Greek Mythology Lecture 5

Greek Mythology Lecture 5 - Gods and Humans Origins of...

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Gods and Humans: Origins of Rules and Types of Interactions 09/11/08
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Main Questions and Issues How are humans supposed to interact/communicate with the gods? How did the current rules governing the interactions of humans and gods come about? In what ways do humans differ from the gods? In what ways are they similar/related?
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Ways of Communicating with the Gods in the Ancient World Prayer/hymn/poetry Sacrifice Divination: 1. Readings entrails/liver 2. Taking omens 3. Consulting an oracle: Delphi (oracle of Apollo) – Pythia in a trance Dodona (oracle of Zeus/Dione) – oaks/doves Epidaurus (oracle of Asclepius) - incubation Bura (oracle of Heracles) – dice-throwing
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Homeric Hymn to Apollo Ultimate goal of the hymn: to tell the origins of Apollo’s oracle at Delphi Structure of the hymn: Leto’s struggle to find a place to give birth Apollo’s birth on Delos Description of baby Apollo Apollo’s travels all over Greece Telphousa’s trick Apollo’s defeat of she-dragon; origin of Pytho Apollo kidnaps a merchant ship with its crew to be his first priests
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Location, Location, Location! Leto’s problem: no land would allow her to give birth there (fear of Hera!) Tiny barren island of Delos receives her Delos asks Leto to swear an oath that Apollo will found a temple and oracle there Leto swears oath by the Styx
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Baby Apollo Apollo’s first words after birth are to proclaim his function and name his favorite objects: “My wish is to hold dear the lyre and the curved bow and to prophecy for men the unerring will of Zeus” (ll. 131-132) Contrast with baby Hermes: others tell Hermes his function, but Apollo can proclaim his own
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Apollo and the She-Dragon Apollo slays the she-dragon guarding the place and the monster Typhaon/Typhoeus Etymology of the alternate name: Pytho from the rotting corpse of the dragon Corpse as a sêma – sign/mark of a location (cf. the building of houses/temples on top of carcasses of previous gods in Enuma Elish – e.g., Marduk builds a temple on top of part of Tiamat’s body) Irony: the defeated is thus forever commemorated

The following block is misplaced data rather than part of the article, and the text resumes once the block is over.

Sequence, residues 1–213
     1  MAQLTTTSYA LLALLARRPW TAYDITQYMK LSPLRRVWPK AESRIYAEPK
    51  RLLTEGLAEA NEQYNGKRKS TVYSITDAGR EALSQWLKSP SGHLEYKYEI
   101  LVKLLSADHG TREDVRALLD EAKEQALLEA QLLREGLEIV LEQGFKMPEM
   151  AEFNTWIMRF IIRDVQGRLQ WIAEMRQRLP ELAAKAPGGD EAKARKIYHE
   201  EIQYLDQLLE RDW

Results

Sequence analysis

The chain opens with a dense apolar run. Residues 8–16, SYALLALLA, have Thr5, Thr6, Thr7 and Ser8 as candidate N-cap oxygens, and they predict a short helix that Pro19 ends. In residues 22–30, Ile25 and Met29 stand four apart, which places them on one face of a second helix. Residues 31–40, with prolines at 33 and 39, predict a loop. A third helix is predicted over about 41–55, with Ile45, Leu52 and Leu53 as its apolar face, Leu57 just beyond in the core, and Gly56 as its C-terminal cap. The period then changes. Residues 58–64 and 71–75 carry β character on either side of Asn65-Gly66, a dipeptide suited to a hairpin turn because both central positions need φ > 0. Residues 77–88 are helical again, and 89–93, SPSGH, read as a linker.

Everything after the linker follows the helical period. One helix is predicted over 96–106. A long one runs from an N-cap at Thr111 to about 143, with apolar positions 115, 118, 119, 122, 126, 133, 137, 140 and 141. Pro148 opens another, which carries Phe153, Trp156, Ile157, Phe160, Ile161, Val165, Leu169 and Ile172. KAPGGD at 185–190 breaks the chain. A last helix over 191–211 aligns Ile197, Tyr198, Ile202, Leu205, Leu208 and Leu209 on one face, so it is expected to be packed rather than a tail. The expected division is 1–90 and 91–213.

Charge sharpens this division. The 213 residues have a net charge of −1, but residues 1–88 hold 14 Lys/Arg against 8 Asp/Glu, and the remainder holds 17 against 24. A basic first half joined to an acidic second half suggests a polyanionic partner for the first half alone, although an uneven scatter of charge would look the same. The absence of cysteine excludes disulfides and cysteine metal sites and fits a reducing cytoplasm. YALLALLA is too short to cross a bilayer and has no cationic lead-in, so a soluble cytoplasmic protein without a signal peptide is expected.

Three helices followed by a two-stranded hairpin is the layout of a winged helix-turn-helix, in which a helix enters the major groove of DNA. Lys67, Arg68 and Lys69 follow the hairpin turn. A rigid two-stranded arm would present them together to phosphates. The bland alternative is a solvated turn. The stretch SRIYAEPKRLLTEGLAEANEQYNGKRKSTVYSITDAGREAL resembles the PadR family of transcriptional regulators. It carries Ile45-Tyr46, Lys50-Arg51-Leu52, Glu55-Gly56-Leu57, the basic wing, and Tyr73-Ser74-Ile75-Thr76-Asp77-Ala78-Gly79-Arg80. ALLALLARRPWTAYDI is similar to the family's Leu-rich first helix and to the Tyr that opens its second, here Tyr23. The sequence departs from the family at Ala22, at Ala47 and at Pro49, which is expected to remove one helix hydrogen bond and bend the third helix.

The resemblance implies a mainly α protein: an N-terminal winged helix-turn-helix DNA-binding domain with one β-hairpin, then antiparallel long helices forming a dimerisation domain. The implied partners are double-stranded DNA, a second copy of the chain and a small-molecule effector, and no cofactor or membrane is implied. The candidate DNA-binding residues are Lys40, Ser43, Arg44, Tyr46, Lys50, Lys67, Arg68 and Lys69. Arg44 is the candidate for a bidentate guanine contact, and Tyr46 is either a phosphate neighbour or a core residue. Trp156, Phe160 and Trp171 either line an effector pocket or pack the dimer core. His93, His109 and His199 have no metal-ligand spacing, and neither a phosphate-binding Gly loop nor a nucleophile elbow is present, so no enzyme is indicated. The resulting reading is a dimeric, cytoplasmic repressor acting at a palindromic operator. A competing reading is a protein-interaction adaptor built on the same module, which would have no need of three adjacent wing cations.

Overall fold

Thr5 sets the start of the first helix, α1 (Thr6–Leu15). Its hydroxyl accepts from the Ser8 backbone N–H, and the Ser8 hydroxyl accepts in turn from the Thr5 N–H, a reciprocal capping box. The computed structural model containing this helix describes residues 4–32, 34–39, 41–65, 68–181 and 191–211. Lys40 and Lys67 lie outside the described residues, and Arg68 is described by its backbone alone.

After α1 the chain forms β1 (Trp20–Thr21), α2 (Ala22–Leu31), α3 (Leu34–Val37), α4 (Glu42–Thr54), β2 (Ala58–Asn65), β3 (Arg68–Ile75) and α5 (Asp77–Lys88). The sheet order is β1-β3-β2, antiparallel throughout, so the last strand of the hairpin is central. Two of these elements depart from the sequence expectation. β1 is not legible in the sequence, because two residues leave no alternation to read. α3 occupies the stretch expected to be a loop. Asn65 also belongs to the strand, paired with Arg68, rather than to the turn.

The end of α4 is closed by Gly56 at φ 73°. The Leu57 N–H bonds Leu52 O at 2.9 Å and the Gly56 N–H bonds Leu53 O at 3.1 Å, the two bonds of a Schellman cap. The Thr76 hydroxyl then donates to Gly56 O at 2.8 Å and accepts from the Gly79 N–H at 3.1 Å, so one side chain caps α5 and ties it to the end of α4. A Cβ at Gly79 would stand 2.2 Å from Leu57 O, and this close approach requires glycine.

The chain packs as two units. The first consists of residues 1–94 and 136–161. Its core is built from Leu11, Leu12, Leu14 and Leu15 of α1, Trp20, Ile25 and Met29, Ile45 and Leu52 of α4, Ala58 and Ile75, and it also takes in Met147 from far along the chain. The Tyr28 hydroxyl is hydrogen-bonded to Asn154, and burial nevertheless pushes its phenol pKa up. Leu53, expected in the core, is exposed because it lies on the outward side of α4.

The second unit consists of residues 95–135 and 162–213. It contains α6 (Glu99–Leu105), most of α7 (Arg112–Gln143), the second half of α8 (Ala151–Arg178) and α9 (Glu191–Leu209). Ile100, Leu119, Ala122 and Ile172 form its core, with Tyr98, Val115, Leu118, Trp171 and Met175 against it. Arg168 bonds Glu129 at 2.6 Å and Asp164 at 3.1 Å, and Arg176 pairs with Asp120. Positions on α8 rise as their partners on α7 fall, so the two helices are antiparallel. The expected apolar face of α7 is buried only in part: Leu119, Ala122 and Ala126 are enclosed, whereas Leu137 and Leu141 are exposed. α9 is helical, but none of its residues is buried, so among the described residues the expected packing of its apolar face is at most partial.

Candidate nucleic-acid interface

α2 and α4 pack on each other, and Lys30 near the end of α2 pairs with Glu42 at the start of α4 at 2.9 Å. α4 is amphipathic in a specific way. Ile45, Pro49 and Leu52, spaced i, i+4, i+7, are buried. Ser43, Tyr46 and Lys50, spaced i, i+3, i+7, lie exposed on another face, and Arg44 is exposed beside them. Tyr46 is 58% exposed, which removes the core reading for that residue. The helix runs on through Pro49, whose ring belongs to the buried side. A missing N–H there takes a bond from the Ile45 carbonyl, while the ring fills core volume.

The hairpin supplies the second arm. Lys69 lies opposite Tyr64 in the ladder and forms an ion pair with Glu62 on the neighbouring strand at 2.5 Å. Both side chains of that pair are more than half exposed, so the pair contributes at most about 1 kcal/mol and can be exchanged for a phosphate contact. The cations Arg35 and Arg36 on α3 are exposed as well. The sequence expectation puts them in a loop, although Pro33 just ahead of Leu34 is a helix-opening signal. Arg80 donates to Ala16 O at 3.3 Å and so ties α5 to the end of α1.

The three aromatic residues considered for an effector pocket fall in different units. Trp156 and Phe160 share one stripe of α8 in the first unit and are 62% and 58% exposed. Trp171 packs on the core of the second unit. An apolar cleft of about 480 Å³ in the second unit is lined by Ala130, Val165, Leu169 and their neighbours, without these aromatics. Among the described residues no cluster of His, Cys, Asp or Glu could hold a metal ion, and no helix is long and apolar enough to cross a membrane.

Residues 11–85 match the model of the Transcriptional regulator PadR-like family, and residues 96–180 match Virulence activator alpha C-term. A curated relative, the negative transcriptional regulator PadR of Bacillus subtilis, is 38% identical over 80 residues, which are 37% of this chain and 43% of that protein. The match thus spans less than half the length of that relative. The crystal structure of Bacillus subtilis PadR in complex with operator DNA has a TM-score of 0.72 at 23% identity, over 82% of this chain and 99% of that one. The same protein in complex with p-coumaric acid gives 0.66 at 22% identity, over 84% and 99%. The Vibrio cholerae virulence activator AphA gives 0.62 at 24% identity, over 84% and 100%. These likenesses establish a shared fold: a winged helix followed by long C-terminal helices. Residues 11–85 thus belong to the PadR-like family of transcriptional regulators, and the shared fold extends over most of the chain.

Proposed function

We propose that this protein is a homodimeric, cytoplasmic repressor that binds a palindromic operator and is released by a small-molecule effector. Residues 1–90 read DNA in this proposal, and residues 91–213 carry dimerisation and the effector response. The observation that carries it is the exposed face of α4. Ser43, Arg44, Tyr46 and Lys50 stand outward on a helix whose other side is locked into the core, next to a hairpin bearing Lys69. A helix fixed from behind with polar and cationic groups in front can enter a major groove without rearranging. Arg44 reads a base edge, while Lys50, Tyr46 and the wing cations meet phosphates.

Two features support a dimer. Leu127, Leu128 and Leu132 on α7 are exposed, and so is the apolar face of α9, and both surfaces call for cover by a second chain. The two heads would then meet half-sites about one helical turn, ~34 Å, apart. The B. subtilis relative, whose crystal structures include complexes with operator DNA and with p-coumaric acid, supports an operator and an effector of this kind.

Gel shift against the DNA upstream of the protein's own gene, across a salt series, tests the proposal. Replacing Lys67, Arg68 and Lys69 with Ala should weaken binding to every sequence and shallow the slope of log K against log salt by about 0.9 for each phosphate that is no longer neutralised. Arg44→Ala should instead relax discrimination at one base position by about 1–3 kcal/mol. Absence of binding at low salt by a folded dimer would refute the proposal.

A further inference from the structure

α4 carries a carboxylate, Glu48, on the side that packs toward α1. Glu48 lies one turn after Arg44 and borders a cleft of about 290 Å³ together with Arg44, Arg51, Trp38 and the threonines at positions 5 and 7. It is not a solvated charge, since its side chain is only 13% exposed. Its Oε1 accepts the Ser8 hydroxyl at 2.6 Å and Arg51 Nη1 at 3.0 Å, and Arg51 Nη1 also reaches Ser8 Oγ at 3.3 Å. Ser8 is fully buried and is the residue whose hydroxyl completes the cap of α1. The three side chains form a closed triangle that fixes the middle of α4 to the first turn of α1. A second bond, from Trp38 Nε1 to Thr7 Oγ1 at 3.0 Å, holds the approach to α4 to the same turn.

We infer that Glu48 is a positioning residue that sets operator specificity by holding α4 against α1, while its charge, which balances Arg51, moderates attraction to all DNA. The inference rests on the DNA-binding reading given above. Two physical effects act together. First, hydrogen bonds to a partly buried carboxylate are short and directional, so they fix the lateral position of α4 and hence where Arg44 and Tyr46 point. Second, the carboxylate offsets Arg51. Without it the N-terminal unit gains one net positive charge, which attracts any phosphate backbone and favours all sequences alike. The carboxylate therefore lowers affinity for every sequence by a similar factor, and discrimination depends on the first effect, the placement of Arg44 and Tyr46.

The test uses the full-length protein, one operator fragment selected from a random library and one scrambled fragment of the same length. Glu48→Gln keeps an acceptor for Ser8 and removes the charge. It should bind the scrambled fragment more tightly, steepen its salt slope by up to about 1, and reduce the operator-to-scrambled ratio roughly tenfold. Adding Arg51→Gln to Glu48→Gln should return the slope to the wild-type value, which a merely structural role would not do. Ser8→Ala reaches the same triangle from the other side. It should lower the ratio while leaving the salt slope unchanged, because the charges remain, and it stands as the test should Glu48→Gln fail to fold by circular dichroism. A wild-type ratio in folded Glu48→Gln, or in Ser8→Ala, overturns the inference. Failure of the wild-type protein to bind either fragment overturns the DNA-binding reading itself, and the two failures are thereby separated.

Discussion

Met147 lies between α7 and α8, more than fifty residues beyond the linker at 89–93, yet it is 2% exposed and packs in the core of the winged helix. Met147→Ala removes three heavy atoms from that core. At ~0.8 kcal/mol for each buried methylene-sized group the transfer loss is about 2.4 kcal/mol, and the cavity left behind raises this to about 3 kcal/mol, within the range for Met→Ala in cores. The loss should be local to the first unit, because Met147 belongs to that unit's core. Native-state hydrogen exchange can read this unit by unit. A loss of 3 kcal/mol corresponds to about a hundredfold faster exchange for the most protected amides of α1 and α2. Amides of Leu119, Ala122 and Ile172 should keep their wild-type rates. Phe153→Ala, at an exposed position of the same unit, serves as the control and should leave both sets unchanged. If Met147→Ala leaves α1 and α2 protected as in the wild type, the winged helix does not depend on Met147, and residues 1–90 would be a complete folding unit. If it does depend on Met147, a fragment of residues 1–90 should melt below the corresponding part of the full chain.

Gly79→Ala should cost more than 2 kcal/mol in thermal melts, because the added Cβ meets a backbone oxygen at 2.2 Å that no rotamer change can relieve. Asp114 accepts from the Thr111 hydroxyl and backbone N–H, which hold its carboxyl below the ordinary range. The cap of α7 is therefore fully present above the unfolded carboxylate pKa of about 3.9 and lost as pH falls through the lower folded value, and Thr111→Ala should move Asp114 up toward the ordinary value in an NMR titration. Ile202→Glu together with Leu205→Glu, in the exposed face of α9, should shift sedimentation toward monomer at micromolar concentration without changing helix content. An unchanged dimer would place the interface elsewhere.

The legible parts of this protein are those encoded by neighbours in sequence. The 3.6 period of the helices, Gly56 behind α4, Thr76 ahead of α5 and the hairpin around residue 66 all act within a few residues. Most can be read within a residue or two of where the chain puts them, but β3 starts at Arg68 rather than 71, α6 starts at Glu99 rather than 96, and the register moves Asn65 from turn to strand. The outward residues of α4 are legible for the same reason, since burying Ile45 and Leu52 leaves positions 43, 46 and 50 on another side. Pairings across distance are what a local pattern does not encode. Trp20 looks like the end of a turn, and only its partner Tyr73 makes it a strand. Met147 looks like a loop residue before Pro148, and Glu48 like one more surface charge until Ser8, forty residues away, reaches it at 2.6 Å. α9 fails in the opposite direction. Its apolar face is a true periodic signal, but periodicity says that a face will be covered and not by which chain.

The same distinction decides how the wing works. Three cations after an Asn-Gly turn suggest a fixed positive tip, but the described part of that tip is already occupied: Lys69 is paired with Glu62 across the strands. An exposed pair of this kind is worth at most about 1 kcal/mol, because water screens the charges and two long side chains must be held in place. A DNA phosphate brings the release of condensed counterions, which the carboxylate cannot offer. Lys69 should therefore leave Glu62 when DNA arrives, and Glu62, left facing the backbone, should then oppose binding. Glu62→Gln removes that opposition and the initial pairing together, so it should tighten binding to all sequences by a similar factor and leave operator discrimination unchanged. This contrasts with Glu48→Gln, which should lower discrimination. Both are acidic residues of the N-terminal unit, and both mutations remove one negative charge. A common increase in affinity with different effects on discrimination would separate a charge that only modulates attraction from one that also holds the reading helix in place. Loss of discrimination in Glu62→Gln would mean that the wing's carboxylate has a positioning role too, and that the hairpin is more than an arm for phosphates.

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Apollo the Pirate/Kidnapper Leaps on a Cretan ship in shape of dolphin The ship is carried of its own accord towards Delphi (Krisa is the port) Epiphany of Apollo: in the shape of man, asks the Cretans if they are merchants or pirates Captain recognizes him as a god Apollo teaches the Cretans their new job as his priests
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Temple and Theatre of Apollo at Delphi
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Pythia – her origin unexplained; conveyor of god’s words to men
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Sacrifice Ceremony – Greek BBQ Greek sacrifice customs: humans roast and eat the meat The gods get the inedible/worthless parts of the sacrificial carcass (fat and bones) Fire necessary for sacrifice ceremony Myths of origin of fire and origin of sacrifice customs are connected: Prometheus gave both to humans
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